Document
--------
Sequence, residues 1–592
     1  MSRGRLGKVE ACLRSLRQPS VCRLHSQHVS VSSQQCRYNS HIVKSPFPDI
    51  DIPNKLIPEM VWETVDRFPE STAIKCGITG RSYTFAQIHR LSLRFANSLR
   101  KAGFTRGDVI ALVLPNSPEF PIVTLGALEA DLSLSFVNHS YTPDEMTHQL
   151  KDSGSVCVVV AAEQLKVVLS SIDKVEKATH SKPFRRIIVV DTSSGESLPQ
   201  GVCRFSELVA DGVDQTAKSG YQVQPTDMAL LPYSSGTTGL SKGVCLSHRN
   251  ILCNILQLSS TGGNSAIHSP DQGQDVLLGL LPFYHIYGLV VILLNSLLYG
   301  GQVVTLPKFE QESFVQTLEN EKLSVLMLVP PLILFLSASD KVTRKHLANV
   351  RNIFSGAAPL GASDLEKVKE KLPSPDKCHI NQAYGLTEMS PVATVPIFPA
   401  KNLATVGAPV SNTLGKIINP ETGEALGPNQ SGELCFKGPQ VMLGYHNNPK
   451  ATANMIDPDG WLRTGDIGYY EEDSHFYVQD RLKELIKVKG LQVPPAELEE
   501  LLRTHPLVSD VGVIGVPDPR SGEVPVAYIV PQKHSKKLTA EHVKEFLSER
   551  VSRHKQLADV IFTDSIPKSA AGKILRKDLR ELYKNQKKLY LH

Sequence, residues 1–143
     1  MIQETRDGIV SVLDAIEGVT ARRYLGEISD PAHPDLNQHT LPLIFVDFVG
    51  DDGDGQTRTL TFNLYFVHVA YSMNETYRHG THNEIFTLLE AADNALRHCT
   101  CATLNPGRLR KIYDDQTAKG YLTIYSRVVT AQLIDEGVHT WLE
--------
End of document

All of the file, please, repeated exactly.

Sequence, residues 1–592
     1  MSRGRLGKVE ACLRSLRQPS VCRLHSQHVS VSSQQCRYNS HIVKSPFPDI
    51  DIPNKLIPEM VWETVDRFPE STAIKCGITG RSYTFAQIHR LSLRFANSLR
   101  KAGFTRGDVI ALVLPNSPEF PIVTLGALEA DLSLSFVNHS YTPDEMTHQL
   151  KDSGSVCVVV AAEQLKVVLS SIDKVEKATH SKPFRRIIVV DTSSGESLPQ
   201  GVCRFSELVA DGVDQTAKSG YQVQPTDMAL LPYSSGTTGL SKGVCLSHRN
   251  ILCNILQLSS TGGNSAIHSP DQGQDVLLGL LPFYHIYGLV VILLNSLLYG
   301  GQVVTLPKFE QESFVQTLEN EKLSVLMLVP PLILFLSASD KVTRKHLANV
   351  RNIFSGAAPL GASDLEKVKE KLPSPDKCHI NQAYGLTEMS PVATVPIFPA
   401  KNLATVGAPV SNTLGKIINP ETGEALGPNQ SGELCFKGPQ VMLGYHNNPK
   451  ATANMIDPDG WLRTGDIGYY EEDSHFYVQD RLKELIKVKG LQVPPAELEE
   501  LLRTHPLVSD VGVIGVPDPR SGEVPVAYIV PQKHSKKLTA EHVKEFLSER
   551  VSRHKQLADV IFTDSIPKSA AGKILRKDLR ELYKNQKKLY LH

Sequence, residues 1–143
     1  MIQETRDGIV SVLDAIEGVT ARRYLGEISD PAHPDLNQHT LPLIFVDFVG
    51  DDGDGQTRTL TFNLYFVHVA YSMNETYRHG THNEIFTLLE AADNALRHCT
   101  CATLNPGRLR KIYDDQTAKG YLTIYSRVVT AQLIDEGVHT WLE